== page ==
An incomplete fairy ring, or fairy circle. More like a fairy semi-circle.
These naturally occurring rings or arcs of mushrooms are commonly known as fairy rings or fairy circles. You may also sometimes see or hear them referred to as elf rings or pixie rings. Because the mushrooms pop up overnight as if by magic, folk tales have associated them with these magical folk.
In folklore, these phenomena are said to result from the dancing of fairies (or elves or pixies) on moonlit nights. These beings were thought to dance in circles; thus, the mushrooms that became visible in daylight marked the area of their nighttime frolics.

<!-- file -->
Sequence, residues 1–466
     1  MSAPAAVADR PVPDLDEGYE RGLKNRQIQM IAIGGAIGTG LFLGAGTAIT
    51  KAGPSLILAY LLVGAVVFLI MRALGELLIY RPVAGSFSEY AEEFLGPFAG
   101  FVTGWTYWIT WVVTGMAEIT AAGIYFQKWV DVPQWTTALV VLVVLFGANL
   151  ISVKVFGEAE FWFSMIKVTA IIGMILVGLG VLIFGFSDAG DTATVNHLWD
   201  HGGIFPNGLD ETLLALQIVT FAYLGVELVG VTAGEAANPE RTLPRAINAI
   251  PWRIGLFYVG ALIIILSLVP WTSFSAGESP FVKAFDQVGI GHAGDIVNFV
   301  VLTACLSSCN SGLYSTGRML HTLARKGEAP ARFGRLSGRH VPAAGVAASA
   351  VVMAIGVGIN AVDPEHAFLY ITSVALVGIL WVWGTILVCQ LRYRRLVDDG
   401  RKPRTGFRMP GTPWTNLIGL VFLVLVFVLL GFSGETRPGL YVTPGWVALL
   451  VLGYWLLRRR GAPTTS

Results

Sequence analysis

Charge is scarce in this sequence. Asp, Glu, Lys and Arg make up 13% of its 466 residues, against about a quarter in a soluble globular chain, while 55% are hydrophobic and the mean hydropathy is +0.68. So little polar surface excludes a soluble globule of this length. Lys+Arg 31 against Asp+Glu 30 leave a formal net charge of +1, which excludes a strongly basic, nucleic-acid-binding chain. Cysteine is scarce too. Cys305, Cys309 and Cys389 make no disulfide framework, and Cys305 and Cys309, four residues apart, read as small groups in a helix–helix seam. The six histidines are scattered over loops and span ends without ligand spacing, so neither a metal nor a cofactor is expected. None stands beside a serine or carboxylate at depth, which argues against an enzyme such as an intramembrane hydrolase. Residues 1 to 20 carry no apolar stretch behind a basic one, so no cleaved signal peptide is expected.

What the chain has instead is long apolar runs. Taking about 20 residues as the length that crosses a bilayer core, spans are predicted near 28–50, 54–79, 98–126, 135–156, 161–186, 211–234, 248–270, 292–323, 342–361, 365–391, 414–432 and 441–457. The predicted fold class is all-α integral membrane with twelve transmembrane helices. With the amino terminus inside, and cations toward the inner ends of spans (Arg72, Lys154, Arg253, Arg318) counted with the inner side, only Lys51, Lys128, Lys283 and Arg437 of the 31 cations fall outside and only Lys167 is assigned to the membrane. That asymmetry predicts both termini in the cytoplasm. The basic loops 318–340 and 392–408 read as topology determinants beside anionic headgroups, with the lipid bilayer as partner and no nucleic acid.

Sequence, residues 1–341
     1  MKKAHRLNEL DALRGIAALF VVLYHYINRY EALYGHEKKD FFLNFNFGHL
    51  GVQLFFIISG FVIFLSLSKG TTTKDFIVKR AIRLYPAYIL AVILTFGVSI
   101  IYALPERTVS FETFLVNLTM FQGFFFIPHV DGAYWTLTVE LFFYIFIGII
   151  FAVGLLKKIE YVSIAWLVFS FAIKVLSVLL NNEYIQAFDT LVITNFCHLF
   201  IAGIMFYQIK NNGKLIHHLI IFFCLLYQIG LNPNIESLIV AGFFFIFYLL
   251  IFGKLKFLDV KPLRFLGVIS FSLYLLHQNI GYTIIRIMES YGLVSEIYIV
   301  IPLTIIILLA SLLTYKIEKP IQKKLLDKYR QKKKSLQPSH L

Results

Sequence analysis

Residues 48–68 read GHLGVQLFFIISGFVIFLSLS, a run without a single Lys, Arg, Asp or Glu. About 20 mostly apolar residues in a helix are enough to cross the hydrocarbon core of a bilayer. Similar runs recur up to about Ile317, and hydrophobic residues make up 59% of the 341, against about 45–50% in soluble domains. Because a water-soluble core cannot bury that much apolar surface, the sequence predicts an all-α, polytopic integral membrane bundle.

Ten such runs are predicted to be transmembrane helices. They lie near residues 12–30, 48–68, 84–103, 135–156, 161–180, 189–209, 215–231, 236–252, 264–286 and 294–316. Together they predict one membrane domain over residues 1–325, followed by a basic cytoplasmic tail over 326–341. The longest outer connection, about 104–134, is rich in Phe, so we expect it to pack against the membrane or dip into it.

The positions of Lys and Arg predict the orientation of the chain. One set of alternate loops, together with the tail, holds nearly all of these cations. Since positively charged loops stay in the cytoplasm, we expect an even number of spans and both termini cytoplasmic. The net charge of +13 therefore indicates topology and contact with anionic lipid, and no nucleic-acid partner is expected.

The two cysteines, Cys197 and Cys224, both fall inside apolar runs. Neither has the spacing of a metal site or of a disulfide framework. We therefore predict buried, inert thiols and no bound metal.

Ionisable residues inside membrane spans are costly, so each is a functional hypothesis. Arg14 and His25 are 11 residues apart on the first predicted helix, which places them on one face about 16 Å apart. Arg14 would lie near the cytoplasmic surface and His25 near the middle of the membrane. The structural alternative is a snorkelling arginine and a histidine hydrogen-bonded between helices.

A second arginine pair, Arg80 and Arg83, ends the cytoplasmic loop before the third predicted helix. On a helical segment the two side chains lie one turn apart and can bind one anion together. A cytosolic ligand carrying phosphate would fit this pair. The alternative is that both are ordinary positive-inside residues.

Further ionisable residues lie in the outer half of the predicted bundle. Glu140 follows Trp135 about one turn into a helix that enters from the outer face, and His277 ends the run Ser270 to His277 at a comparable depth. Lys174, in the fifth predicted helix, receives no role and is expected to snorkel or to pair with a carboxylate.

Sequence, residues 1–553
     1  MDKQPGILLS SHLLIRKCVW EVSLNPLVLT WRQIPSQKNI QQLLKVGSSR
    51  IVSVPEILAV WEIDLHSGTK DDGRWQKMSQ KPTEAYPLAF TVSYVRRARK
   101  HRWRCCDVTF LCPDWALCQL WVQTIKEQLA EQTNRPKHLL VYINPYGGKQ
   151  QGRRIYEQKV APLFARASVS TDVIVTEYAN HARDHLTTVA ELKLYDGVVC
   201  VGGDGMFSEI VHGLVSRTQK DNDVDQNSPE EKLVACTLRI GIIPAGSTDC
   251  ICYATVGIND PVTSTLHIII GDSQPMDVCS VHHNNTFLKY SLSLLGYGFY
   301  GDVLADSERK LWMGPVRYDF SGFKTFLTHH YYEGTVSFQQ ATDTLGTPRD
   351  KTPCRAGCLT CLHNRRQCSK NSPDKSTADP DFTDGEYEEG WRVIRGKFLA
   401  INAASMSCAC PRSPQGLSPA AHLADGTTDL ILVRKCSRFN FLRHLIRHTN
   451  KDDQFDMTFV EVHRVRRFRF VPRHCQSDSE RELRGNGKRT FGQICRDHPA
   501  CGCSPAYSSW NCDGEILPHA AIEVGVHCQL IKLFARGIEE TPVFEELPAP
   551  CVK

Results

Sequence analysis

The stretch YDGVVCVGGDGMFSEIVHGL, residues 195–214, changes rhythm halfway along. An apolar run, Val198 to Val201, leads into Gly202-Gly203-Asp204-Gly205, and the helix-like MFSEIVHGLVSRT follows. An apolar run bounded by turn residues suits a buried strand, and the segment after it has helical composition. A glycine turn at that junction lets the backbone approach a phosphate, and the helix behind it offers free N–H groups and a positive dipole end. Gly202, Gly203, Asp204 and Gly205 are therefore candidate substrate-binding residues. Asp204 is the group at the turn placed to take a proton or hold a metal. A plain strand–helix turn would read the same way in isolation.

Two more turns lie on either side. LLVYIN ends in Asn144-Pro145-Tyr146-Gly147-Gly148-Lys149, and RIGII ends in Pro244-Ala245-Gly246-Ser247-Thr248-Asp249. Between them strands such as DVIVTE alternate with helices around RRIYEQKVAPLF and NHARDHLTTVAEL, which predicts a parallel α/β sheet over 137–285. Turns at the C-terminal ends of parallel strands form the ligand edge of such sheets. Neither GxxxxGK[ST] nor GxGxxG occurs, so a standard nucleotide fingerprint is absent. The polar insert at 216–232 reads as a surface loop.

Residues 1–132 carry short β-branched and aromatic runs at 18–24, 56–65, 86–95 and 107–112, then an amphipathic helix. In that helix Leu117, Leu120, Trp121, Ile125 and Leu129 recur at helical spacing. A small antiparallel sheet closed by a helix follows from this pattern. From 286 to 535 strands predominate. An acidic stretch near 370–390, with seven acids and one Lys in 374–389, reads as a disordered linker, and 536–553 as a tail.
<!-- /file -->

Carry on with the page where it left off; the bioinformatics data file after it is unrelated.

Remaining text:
If you are more inclined to a scientific explanation, you'll be interested to know that mushrooms are the fruiting bodies of fungi and that they poke their heads above the soil after rainstorms.
But mushrooms are not individual organisms. They are just the visible part of a huge network of thread-like mycelia, branching filaments of the organism, that are hidden underground. Mushrooms feed on dead organic matter and the fairy ring manifests itself in a necrotic zone, an area in which grass or other plant life has withered or died, as has happened in the picture you see above.
Not perhaps the best sort of thing to have growing in your front yard. Still, since the rain and the full moon on Monday night, the rings are popping up everywhere. I think the fairies have been celebrating the breaking of the long dry spell.
One of the individual mushrooms in the ring.